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Frame design

Discussion in 'Locomotive M.I.C.' started by MellishR, Feb 7, 2016.

  1. MellishR

    MellishR Part of the furniture Friend

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    This is something that I've wondered about. I'm raising it just now after looking at a recently posted picture http://www.national-preservation.com/attachments/uploadfromtaptalk1454780914657-jpg.17750/ which gives a nice clear view of the frames of a typical British loco with vertical plates and stretchers. Such a structure looks very strong with respect to vertical loads but apparently not very strong for horizontal forces, particularly those associated with the piston thrusts.

    Questions (for British locos in general, not that one in particular):
    1. Why was there such reluctance in Britain to use bar frames when they were almost universal in America?
    2. Why are there not horizontal plates between the frames to provide strength in that plane?
     
  2. huochemi

    huochemi Active Member Friend

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    One answer is that the great majority of British locos had narrow fireboxes and you can't really use bar frames with those unless you sit the firebox on top, which was not possible in the UK due to loading gauge. One suspects that on the wide firebox locos, plate frames were preferred on the basis the railways were more comfortable with the technology, although the independent loco builders were experienced in supplying locos with bar frames and (I think) cast beds.

    As to staying, I think it depends on the loco. The frames on a Duchess for instance are box-like because of the longitudinal stays and I think the larger Standards were similar.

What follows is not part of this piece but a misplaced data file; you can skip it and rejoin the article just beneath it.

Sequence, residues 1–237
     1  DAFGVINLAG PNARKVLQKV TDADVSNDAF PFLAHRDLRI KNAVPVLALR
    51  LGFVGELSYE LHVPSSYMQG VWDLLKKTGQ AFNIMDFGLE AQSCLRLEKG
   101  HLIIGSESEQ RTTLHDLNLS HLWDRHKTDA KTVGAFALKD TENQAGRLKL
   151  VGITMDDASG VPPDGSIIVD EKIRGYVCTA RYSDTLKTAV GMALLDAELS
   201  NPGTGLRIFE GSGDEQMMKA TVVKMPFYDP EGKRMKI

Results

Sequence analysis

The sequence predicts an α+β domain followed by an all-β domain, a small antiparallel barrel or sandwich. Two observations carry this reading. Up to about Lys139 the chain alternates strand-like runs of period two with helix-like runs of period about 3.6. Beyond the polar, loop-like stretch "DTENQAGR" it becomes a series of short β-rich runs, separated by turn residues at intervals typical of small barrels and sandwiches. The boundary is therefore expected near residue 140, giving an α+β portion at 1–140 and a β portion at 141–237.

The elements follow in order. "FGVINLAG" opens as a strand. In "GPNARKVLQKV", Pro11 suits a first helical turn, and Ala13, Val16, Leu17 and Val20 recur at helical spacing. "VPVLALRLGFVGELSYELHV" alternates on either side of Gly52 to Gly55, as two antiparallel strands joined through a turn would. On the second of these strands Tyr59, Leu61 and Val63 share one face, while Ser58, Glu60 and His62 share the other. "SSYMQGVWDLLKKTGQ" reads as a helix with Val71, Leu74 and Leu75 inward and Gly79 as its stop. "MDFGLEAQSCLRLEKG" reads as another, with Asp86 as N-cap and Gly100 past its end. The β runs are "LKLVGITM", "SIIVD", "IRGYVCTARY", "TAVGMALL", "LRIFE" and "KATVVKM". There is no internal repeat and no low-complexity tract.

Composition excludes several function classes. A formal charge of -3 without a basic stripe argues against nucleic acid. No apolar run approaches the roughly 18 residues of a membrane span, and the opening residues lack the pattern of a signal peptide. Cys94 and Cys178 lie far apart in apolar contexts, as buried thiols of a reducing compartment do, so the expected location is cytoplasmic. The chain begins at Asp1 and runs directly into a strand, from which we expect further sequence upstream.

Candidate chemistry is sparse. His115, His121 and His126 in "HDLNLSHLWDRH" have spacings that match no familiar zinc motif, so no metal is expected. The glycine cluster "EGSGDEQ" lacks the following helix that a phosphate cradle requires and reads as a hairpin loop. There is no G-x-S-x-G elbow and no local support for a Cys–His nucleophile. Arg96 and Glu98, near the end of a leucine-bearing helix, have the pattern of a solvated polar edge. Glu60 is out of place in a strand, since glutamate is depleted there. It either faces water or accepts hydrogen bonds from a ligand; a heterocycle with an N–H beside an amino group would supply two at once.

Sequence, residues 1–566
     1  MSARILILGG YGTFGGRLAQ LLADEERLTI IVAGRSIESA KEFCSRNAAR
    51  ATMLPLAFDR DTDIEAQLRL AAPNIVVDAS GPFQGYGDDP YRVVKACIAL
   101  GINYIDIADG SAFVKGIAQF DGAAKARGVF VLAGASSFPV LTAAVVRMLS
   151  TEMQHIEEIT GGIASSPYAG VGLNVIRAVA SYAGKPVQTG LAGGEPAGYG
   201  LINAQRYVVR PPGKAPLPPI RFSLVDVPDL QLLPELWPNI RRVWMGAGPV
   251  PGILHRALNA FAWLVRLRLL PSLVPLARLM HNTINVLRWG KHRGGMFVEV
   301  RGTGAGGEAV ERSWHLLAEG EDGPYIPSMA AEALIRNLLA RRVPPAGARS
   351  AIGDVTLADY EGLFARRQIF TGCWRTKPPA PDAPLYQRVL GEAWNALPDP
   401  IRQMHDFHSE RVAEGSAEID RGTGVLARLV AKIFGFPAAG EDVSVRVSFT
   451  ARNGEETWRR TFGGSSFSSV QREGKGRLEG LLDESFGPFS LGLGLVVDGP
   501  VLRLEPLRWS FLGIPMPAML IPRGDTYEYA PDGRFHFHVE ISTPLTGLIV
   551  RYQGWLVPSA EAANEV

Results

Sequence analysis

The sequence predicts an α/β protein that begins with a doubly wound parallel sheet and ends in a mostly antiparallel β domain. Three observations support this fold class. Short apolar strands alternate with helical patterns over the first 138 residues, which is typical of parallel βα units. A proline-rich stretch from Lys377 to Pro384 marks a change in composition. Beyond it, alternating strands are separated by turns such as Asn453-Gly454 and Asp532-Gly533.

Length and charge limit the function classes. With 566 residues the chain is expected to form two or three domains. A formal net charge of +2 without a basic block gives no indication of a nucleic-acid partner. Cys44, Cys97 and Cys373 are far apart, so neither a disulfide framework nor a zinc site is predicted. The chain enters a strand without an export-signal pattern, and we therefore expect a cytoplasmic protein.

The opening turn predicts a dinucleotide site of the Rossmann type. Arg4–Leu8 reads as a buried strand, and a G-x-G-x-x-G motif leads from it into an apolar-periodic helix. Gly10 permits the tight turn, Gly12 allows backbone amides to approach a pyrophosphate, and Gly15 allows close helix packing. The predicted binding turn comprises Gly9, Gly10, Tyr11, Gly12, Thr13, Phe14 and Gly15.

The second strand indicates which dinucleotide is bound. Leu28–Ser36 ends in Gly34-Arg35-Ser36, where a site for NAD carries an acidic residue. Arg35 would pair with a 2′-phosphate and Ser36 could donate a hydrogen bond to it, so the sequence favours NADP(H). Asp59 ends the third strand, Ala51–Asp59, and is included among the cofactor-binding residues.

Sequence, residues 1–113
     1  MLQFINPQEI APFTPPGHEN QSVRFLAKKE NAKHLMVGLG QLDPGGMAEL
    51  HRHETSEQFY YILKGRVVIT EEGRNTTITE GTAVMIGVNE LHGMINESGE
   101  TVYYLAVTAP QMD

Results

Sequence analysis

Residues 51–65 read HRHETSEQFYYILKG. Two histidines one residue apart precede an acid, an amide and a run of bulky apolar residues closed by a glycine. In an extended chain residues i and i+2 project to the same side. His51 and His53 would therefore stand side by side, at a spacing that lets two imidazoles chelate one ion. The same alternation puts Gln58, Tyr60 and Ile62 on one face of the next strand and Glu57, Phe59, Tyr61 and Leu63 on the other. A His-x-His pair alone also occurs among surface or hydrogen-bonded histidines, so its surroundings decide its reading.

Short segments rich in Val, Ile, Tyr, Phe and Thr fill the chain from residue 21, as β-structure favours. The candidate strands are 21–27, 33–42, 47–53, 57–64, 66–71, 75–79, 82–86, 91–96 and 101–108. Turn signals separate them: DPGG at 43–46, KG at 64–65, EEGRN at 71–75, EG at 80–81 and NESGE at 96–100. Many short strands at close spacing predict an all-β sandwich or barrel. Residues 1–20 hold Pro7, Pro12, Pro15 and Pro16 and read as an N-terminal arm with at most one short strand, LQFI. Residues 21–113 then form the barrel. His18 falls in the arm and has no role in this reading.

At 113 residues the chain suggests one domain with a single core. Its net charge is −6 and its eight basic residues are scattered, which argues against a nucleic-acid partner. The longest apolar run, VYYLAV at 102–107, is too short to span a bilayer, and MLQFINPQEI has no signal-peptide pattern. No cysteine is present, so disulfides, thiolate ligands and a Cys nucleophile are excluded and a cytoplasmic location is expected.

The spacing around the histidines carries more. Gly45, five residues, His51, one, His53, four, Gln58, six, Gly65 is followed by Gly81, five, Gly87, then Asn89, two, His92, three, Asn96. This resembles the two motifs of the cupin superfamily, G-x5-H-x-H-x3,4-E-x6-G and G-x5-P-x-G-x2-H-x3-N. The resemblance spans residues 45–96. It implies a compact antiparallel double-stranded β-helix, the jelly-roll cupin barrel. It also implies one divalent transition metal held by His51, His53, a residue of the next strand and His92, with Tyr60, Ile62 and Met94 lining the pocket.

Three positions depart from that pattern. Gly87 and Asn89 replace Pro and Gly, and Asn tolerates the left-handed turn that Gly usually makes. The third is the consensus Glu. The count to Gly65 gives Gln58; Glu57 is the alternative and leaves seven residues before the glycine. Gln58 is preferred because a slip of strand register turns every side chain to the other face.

3. 242A1

    242A1 Active Member

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    There was also the school of thought that considered some lateral flexibility to be important in allowing a design to operate over the tighter track curvature it might experience. Maximum rigidity with any mechanism to allow for curvature negotiation to be a dealt with by mechanical means is the later approach.
     
  4. The Saggin' Dragon

    The Saggin' Dragon Nat Pres stalwart Staff Member Moderator Friend

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    ... another answer is that 'it was always done that way', reluctance to change, not invented here etc.
     
    threelinkdave likes this.
  5. JJG Koopmans

    JJG Koopmans Member

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    In the Netherlands we had the 3900 class of 4-6-0's which had a bar frame and the narrow firebox in between.
    As for the second question, I see horizontal stiffening in the righthand corner of the picture you mention.
    Kind regards
    Jos Koopmans
     

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